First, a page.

Auktionsarchiv: Los-Nr. 176
Auktion:
Datum:
21.04.2021
Auktionshaus:
Dreweatts & Bloomsbury Auctions
16-17 Pall Mall
St James’s
London, SW1Y 5LU
Großbritannien und Nordirland
info@dreweatts.com
+44 (0)20 78398880
Beschreibung:

A fine and rare Charles II walnut thirty-hour striking small hooded wall clock with alarm John Knibb, Oxford, circa 1685 The four finned pillar outside countwheel bell striking movement with plates measuring 6 by 3.5 inches and verge escapement regulated by short bob pendulum, the left hand side with transverse alarm mechanism sounding via a verge crown wheel and vertically pivoted yoke-shaped hammer on the inside of the hour bell set above the above the plates, the 5.5 inch square gilt brass dial with rose engraved silvered alarm disc and finely sculpted steel hand to the matted centre within applied silvered narrow Roman numeral chapter ring with typical Knibb type stylised fleur-de-lys half hour markers and quarter hour divided inner track, the angles with small applied winged cherub head spandrels and the lower edge signed John Knibb Oxon Fecit, the case with ogee moulded shallow-arch pediment incorporating foliate scroll pierced fret infill to the tympanum above fixed glazed dial aperture and rectangular side windows to the rising hood, with further cross-grain mouldings to the throat over shaped apron flanked by scroll outline side brackets beneath, the rectangular backboard with tongues for the rising hood, 35cm (13.75ins) high. Provenance: The property of a gentleman collector, purchased in these rooms on Wednesday 17th February 2010 (lot 69) for £37,000 hammer where it was noted that the clock was a recent discovery and believed to have formed part of a connoisseur collection of antiques and works of art compiled during the early 20th century. John Knibb was born in 1650 and was apprenticed to his older brother, Joseph, in around 1664. When Joseph moved to London in 1670 to set up business (presumably in the workshop inherited from his uncle, Samuel) John took on the Oxford workshop gaining the Freedom of the city on payment of a fine in 1673. Joseph Knibb retired in 1697 selling up most of his workshop before moving to Hanslop, Buckinghamshire where he made a few clocks prior to his death in 1711. John Knibb became a high profile figure within the City of Oxford twice becoming Mayor, he continued in business until his death in 1722. Due to the comparative rarity of clocks signed by John Knibb it has been suggested that his workshop may have generally served to supply Joseph's larger concern in London. The strong similarities between John's best work and those signed by Joseph would certainly support this view. However it is also clear that John was a high profile tradesman in the City of Oxford who trained no less than ten apprentices, therefore it is perhaps more likely that, although the two workshops were closely connected, they generally worked separately to supply clocks to differing groups of clients. The current clock belongs to a rare group of probably less than ten surviving examples of small hooded wall clocks from workshops of both John and Joseph Knibb Although these clocks were generally made for a common purpose, it seems that they do vary in detail and specification to the extent that no two are exactly the same. The majority of the other surviving examples appear have posted movements based on miniature lantern clocks with standard `Knibb` castings (see Lee, Ronald A. The Knibb Family * Clockmakers plate 178). The current lot is perhaps more unusual as it is constructed with a plated movement which can be compared to a simpler alarm timepiece by John Knibb illustrated by Lee (plate 179) as well as Darken, Jeff (ed.) HOROLOGICAL MASTERWORKS page 142. The inclusion of a striking train has necessitated the alarm mechanism to be located on a separate plate transversely mounted on the left hand side of the movement. The dial is particularly attractive with finely worked hand and narrow chapter ring. The case of perfect proportions and can be directly compared to a case housing a miniature lantern clock by Joseph Knibb illustrated by Lee, plate 59.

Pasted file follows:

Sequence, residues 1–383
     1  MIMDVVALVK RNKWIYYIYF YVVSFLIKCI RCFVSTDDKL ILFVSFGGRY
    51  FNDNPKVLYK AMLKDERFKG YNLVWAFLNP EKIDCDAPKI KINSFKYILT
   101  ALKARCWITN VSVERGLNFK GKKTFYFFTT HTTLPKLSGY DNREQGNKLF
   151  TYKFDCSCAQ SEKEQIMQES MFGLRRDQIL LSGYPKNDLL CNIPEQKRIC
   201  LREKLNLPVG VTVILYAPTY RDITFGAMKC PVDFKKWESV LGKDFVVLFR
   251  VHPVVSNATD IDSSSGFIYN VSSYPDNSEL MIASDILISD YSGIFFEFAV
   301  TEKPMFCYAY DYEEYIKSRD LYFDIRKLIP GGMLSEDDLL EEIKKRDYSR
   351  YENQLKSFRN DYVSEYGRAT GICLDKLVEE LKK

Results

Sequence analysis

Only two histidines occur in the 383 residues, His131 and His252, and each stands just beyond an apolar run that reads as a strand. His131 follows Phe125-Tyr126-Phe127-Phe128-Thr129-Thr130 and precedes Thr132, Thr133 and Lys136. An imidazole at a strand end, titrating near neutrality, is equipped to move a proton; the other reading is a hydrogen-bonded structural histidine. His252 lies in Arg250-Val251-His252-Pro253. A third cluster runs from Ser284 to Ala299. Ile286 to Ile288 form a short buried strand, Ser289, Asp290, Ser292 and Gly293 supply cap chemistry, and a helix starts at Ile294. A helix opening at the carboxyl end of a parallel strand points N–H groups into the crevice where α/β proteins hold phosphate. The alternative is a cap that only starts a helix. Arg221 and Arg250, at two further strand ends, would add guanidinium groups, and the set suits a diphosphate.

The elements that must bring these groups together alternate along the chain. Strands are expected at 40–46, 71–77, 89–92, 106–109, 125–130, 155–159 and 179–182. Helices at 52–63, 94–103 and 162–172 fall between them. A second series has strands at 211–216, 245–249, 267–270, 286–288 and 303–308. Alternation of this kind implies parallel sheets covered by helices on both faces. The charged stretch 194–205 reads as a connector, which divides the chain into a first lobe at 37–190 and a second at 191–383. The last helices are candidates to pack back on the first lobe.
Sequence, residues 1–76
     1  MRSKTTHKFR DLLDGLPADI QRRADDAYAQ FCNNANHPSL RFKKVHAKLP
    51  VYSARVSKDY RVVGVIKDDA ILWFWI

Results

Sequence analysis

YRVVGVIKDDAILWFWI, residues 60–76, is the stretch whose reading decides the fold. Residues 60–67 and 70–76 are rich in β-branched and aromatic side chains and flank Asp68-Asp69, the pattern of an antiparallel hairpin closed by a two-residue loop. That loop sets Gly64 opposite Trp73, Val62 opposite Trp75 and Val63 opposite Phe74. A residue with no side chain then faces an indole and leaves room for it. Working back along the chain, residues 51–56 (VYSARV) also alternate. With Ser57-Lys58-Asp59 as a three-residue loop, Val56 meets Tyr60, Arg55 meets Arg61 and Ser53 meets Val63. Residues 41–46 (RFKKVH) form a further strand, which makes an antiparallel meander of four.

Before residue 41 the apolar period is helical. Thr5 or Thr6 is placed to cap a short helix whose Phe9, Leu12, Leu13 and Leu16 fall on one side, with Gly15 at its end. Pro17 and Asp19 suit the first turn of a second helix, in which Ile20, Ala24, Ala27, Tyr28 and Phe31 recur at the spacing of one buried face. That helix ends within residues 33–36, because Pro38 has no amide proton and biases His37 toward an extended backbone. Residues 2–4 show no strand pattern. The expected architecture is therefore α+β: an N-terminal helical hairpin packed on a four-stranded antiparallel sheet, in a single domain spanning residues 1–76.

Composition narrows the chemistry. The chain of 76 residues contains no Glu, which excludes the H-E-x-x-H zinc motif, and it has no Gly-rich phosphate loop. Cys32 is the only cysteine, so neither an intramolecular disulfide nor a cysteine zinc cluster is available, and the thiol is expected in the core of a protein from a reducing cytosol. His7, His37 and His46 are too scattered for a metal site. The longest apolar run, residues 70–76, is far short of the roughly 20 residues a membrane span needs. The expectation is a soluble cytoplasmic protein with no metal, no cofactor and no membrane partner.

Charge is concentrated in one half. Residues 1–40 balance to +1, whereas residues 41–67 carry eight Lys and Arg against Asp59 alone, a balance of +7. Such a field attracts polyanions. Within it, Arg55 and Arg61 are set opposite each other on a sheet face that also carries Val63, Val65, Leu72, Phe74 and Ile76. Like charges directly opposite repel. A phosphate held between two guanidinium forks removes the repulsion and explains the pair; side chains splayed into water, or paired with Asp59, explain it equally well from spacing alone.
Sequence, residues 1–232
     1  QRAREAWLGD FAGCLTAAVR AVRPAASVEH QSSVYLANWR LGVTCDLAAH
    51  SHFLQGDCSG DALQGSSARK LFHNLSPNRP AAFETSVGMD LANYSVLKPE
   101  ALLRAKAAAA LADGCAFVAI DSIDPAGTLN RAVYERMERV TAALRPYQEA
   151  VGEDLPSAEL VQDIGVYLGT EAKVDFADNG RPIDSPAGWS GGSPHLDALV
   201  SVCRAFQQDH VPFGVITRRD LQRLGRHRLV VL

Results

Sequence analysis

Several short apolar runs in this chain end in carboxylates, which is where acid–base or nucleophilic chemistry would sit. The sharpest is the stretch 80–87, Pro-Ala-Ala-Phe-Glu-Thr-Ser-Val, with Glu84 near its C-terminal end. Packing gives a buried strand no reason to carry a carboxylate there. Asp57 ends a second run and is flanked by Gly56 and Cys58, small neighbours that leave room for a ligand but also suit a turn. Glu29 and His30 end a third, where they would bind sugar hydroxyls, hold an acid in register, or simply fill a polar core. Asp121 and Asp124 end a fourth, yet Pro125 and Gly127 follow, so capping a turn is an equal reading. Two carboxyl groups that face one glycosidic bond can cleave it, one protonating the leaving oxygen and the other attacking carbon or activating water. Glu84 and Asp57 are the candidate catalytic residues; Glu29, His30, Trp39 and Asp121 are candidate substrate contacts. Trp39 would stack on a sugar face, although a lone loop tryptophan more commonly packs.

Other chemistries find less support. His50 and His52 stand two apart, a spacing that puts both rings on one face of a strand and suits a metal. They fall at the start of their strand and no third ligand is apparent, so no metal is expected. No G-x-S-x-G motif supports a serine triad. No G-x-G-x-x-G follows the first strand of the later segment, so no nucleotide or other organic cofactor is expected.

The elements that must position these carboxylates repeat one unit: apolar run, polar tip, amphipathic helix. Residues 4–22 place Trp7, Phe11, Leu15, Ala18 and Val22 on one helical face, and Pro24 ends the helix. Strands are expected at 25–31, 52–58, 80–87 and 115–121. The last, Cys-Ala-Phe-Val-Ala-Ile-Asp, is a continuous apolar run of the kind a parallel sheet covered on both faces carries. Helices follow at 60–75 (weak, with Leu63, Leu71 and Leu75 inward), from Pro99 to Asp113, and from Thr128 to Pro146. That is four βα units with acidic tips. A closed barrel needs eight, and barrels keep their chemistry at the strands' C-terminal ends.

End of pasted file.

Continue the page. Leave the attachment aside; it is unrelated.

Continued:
Auktionsarchiv: Los-Nr. 176
Auktion:
Datum:
21.04.2021
Auktionshaus:
Dreweatts & Bloomsbury Auctions
16-17 Pall Mall
St James’s
London, SW1Y 5LU
Großbritannien und Nordirland
info@dreweatts.com
+44 (0)20 78398880